By Luis A. Garcia
Read a few days’ worth of articles about Latino health issues and you’ll end up depressed: “Latinos are more likely to start HIV care later in the course of illness than blacks or whites.” “One-third of Hispanic women are obese.” “Diabetes seems to be deadlier for Mexican-Americans than for Anglos.”
While individuals often don’t have much control over their health (genetics and socioeconomic, language and education factors all enter in), education initiatives can be effective at changing behaviors that hinder healthy lifestyles.
To reach Latinos with health-education messages, social marketers first must understand how culture shapes beliefs and behaviors. Culture is at the heart of successful Latino-targeted health-communications campaigns.
Here are five tips to communicating health messages to Latinos:
1. Make culture – rather than language – the key.
The Latino community is tremendously diverse, from country of origin, to level of acculturation, to language preference. Don’t assume all Hispanics speak Spanish; at the same time, remember that English-preferred Latinos don’t necessarily behave just like the “total market.”
Still, cultural ties bind us. Messages and material for Latinos should be culturally relevant first and then “in language,” depending on the target.
For example, the Latino community often sees obesity as an endearing characteristic, rather than a physical flaw, blogger Marisa Treviño remarks. For many Latina moms, preparing dinner for their families equals love.
2. Involve the whole family — and the community around it.
Family is the cornerstone of Latino culture. Hispanic health campaigns must involve the family and the community, and must surround the target with engaging messages where they live, study, work and play.
Research for the CDC’s VERB campaign to combat obesity indicated that Latinos did not connect being physically active with being healthy. Instead, for Latina moms, “good” nutrition and lack of illness were the chief indicators of health. And, their children were expected to spend more time at home.
So, the Ponte las Pilas (“get up and get moving”) campaign identified opportunities for kids to get out and play, at home and at school. To get parental buy-in, the Niños Activos. Familias Sanas (Active Kids. Healthy Families) relied heavily on PR and experiential efforts to educate parents about the connection between physical activity and healthy children.
3. Deliver the message where the target needs it most.
A manufacturer of OTC medications wanted to increase sales to Spanish-speaking Latina moms while addressing confusion about drug varieties and dosages. Since Latina moms spend a lot of time in the supermarket, an easy-to-use Spanish-language “symptom wheel” helped moms identify the right medication their child needed based on symptoms – while she was actually standing in the store aisle. Research showed that other moms were the most believable “spokespersons” for this target and message, so real-life Latina moms at in-store kiosks answered questions about the product.
4. Provide easy-to-follow actionable messages.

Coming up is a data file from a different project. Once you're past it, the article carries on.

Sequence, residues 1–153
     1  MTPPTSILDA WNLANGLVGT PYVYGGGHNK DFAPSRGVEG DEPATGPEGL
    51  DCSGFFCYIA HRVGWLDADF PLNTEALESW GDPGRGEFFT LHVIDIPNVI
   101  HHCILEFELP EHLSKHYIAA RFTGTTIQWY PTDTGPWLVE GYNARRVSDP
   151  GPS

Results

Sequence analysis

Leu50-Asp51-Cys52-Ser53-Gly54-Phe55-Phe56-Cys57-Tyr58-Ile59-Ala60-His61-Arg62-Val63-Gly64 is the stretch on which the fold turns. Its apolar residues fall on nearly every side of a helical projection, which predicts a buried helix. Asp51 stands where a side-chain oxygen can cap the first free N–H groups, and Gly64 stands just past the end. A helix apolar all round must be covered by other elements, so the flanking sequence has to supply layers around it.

Latino parents care about their children’s health, just as non-Latino parents do. But, language barriers, immigration status or educational attainment may prevent them from having all the information they need to keep their children healthy. In fact, sometimes the kids are put in the position of translating doctor’s and pharmacist’s instructions for their non-English-speaking parents.
Create easy-to-follow actionable messages that help break through the clutter and provide solutions – testimonials from trusted sources, “promotoras,” media interviews with Spanish-speaking health experts, activity charts, parents’ and teachers’ guides, etc.
5. Latinos stay connected across communications platforms.
Latinos are the ultimate “social networkers” (think “comadres” and compadres”). They stay connected on a personal level through family, friends and church, and with the greater world through traditional media, the Internet and social media.
In fact, more Latinos get health information from the media – mostly television – than from their doctors (83% vs. 71%), the Pew Hispanic Center says. But, family, friends, church and community groups are as vital as doctors in the Latino health-information chain.
One-third of all Latinos, regardless of acculturation and life stage, view the Internet as a “key component in building a better life”. Yet, while “Hispanics tend to agree that the Internet is a helpful resource for health information,” they use it less to seek health information. Why? The health information Spanish-speaking Hispanics find on the Internet is less accurate or complete than what their English-speaking counterparts encounter. 
Spanish-language health information on the Internet must be correct, clear and complete. The “look and feel” should be culturally appropriate. Strengthen content, update it regularly, and make sure the Spanish is 100% correct.
So, any media plan you design for Latino-targeted health communications should be multiplatform and should take into account how Latinos interact with media and with their social networks, including social media.
Follow these simple guidelines to successfully engage Latinos with health information and you could help change tomorrow’s health headlines.
Luis A. Garcia is president of MarketVision, a culture-inspired marketing firm based in San Antonio, Texas.
-  AOL Hispanic Cyberstudy/Cheskin 2010
-  “Hispanics’ use of Internet health information: an exploratory study,” Ninfa Peña-Purcell, PhD, Journal of the Medical Library Association, April 2008
-  “Proceed with Caution: A Report on the Quality of Health Information on the Internet (Complete Study),” Gretchen Bertrand, et al., RAND Health prepared for the California HealthCare Foundation, May 2001.